A raft of developments at the Highways Agency are set to improve service for England's road users.
In an interview with Computer Weekly, Denise Plumpton, director of information, said she wants drivers to make informed decisions about their route.
"We collect lots of data about the state of the roads, and my aim is to share this," she said.
A new DAB digital radio service went live in July, giving five-minute bulletins on national and local roads which are updated every 15 minutes.
The data for this service is transmitted via a digital stream, so the agency is considering delivery across other platforms, such as digital television or an automated telephone service.
It also has an agreement with Ofcom for restricted service licences, which give five-minute bulletins on AM radio about big events. They are available within 25 miles of the event and each one lasts for 30 days. The Agency is currently deciding which events to cover.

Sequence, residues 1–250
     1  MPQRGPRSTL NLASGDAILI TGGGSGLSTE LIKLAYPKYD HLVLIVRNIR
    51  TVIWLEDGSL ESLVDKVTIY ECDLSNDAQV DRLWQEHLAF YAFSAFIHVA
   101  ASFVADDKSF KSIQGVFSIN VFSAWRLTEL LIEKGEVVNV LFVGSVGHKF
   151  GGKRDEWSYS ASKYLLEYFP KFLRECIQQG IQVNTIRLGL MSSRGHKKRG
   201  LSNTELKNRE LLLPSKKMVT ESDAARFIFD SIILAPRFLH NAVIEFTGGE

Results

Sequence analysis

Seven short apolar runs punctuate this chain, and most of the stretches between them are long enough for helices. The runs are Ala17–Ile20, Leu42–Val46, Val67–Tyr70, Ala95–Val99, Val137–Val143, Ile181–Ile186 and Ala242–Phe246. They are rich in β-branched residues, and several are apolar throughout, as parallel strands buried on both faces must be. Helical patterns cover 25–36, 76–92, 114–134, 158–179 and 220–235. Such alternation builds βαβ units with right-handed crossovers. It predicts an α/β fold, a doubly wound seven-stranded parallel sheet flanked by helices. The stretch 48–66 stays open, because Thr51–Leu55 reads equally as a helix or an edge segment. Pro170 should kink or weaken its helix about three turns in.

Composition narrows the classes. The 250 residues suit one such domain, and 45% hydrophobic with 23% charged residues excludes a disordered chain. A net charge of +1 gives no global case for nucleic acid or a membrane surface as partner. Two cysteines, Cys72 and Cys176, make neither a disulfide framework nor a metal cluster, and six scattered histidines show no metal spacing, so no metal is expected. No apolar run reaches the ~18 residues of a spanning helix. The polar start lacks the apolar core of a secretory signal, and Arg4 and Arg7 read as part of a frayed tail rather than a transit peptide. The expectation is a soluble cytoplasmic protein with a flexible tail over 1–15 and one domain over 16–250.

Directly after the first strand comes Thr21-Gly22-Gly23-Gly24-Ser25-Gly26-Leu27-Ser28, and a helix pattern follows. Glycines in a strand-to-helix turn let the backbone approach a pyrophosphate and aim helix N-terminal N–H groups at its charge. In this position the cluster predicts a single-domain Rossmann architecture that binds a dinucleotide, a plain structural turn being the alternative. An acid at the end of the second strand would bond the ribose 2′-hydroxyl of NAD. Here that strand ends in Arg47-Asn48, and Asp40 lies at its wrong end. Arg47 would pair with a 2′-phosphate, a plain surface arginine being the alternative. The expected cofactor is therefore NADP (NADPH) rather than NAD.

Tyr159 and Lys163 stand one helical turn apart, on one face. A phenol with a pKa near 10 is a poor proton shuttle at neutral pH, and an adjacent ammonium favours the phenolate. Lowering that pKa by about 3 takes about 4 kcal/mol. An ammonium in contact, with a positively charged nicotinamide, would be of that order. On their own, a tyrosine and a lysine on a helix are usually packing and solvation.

In August message signs were switched on across England giving information on motorways about drivers' time distance from, and delays around, major junctions. Automatic number plate recognition cameras send encrypted data over a wide area network, feeding a Serco bespoke journey-time tool.
Message composition software then sends messages to 300 signs, which are updated every five minutes.
The agency also has a high bandwidth network operating around the roads, which means images from cameras can be externally distributed - either as stills on the web, or streamed as TV travel news broadcasts, giving drivers more ways of checking the roads before leaving.
And for commuters, there is the possibility of a morning text service letting them know if their daily route is congested.
"We have the ability to know what is going on, and we feel we need to tell people." said Plumpton.
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